Like all large carnivores, this species of catfish tends to make a mess in the tank. For that reason, you’ll need a filtration system that can cope with the volume of waste the Gulper catfish produces.
However, like many other catfish species, Gulpers aren’t fussy when it comes to water quality and will tolerate less than pristine water conditions. That’s not an excuse for not maintaining your aquarium properly! And remember that your other livestock might need stable, clean conditions.
As mentioned previously, Gulper catfish come from slow-moving water bodies. These fish don’t appreciate a strong current in their habitat, so you’ll need to buffer the filter unit outflow to prevent the fish from becoming stressed.
Gulper catfish are tropical fish that need a water temperature of between 75 and 84 degrees Fahrenheit.
The pH should be in the range of 5.6 to 6.8, and water that is generally soft and acidic.
Although Gulper catfish are not especially fussy when it comes to tank cleanliness, they cannot tolerate extremes and massive swings in water quality.
So, you need to carry out frequent water changes, ideally every week, to keep the conditions clean. Use an aquarium vacuum cleaner to remove any organic waste from around the substrate and underneath decorations.
Test the replacement water to ensure that it’s the same temperature, pH, and hardness as the aquarium water. That prevents causing stress to your livestock.
What Do Gulper Catfish Eat?
Gulper catfish are carnivores adapted to consuming large prey items relative to the fish’s size.
The fish’s huge mouth extends to the back of the creature’s head, and the Gulper’s skin can stretch to cope with especially big meals. Gulpers can easily gobble up fish half their size. You should also note that these fish have been killed and severely injured by attempting to eat a fish that’s just too big to handle!
Like most captive catfish species, Gulpers will generally readily accept prepared foods. You can offer your fish frozen fish foods, such as shrimp and silversides, and many Gulpers will accept being hand-fed.
Although you can feed your fish live feeder fish, that’s a dangerous practice when given the price you’re likely to pay for your Gulper. Feeder fish often come with an unwelcome cargo of bacterial infections or parasites that could be harmful to your catfish and other tank residents.
That said, if you have a reliable source of healthy, disease-free feeders and high-quality gut-loading food, you might want to consider using common feeder fish such as guppies or goldfish.
This can be a helpful tactic if you need to tempt a wild-caught Gulper to start feeding. Always treat your feeder fish with antiparasitic medication 10 days before feeding them to your Gulper and gut-load the feeders right before use.
What Are Good Tank Mates for Gulper Catfish?
Although they are essentially peaceful fish, Gulper catfish are predatory carnivores that will attempt to eat any fish that’s small enough to fit into their cavernous mouths! For that reason, we recommend that you only add much larger fish to your Gulper catfish setup.
Even so, Gulper catfish are renowned for trying to eat fish that are half as large or larger than they are! That often leads to injured or even dead fish, which is clearly unacceptable.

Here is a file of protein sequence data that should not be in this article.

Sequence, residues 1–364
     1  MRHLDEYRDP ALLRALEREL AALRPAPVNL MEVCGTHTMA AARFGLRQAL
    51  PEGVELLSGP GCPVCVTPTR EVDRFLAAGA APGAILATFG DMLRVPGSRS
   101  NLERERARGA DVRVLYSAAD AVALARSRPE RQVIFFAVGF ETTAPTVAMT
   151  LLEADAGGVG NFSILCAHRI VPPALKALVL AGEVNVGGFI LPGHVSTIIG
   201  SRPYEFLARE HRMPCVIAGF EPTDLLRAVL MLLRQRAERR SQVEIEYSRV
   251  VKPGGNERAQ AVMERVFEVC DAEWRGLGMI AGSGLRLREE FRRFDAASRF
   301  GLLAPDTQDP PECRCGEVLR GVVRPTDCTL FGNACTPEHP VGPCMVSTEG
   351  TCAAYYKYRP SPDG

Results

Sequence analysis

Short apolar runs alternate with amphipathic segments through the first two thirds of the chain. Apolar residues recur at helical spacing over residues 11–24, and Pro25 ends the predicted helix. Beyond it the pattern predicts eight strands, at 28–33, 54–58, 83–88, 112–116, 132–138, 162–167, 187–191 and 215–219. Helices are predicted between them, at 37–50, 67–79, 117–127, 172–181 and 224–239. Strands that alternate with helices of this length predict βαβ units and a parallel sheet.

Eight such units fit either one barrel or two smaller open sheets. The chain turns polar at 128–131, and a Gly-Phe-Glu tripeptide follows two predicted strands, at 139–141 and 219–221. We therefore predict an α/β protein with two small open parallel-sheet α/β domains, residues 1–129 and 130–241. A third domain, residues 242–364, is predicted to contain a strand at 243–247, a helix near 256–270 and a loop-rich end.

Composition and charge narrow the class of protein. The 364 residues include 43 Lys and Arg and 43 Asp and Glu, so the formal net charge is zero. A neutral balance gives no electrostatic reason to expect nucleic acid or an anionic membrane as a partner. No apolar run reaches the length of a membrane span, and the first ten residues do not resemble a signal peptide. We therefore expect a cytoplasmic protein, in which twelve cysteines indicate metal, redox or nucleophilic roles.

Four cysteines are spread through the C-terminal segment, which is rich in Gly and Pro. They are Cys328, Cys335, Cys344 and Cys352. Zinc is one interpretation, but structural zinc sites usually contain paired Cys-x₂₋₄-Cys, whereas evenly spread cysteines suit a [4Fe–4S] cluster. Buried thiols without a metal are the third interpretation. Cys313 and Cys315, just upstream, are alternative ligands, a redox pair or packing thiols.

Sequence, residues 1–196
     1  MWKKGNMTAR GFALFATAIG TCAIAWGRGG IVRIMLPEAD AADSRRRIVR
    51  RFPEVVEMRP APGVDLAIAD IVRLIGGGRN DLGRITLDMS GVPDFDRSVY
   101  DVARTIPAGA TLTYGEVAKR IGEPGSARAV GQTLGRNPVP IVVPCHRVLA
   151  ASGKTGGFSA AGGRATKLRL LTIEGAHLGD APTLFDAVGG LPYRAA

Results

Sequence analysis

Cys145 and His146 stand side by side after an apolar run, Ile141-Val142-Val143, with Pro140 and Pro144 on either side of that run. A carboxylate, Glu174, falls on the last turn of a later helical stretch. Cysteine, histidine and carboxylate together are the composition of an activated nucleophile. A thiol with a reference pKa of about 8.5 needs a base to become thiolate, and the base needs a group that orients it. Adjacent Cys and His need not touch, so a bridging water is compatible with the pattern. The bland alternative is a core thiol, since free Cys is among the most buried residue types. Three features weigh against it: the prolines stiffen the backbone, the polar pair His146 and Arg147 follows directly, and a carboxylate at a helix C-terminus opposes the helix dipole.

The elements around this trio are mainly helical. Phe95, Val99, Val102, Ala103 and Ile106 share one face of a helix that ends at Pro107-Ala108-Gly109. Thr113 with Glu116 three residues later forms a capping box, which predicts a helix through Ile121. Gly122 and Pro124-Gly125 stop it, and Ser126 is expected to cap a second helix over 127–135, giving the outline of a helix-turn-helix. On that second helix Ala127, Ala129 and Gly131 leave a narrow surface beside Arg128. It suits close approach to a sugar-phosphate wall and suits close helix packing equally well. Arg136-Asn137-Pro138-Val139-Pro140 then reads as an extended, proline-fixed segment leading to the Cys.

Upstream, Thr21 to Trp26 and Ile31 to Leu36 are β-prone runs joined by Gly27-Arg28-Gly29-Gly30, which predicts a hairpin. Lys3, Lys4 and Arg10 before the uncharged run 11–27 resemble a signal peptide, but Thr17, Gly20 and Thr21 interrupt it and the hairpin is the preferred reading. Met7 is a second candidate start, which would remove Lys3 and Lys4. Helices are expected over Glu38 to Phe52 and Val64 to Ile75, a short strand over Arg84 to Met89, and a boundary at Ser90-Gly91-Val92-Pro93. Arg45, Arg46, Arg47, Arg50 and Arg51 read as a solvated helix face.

So, what fish can you safely add to a Gulper catfish tank?
Generally, most hobbyists who keep a community tank with a Gulper catfish aim to have tank mates at least 3 to 4 inches larger than the Gulper cat. For safety’s sake, that size difference must be maintained throughout the Gulper’s life stages.
Some examples of fish species that could do well with Gulpers include:
- Large cichlids
- Jumbo angelfish
- Large discus
Gulper catfish are nocturnal, so we recommend that you choose tank mates that are active during the day while the catfish are resting and hiding away.
Can I Keep Gulper Catfish Together?
Unfortunately, catfish are notorious for being aggressive toward their own kind. So, Gulper catfish are best kept as singles. That prevents the fish from becoming territorial and keeps the peace in your tank.
Unsuitable Tank Mates
So, apart from avoiding smaller fish that could be regarded as a food source by the Gulper catfish, you should avoid keeping any fish that might hassle the Gulper.
Generally, aggressive types that might nip at the catfish’s barbels should be avoided. Also, extremely territorial fish species are best avoided. Gulper catfish spend much of the night roaming around the aquarium, and a territorial species might bully the Gulper. However, if you have a very large tank, that might not be a problem.
Finally, bear in mind that Gulper catfish are primarily nocturnal and that behavior might stress a strictly diurnal fish species.
Breeding Gulper Catfish
As there are no reports of hobbyists successfully breeding Gulper catfish in a home aquarium setting, we don’t recommend that you attempt to breed from your fish.
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Gulper catfish are large, predatory carnivores that should be kept singly or with other large, non-aggressive fish that are too big for the Gulper to try to eat. These nocturnal fish generate a vast quantity of waste, and you’ll need a powerful filter system to cope.
If you fancy keeping one of these amazing catfish, you can expect to spend around $120 on one! The fish are almost impossible to breed successfully in the aquarium, and most specimens are wild-caught.
Do you have a Gulper catfish? Tell us what tank mates work best for you in the comments below.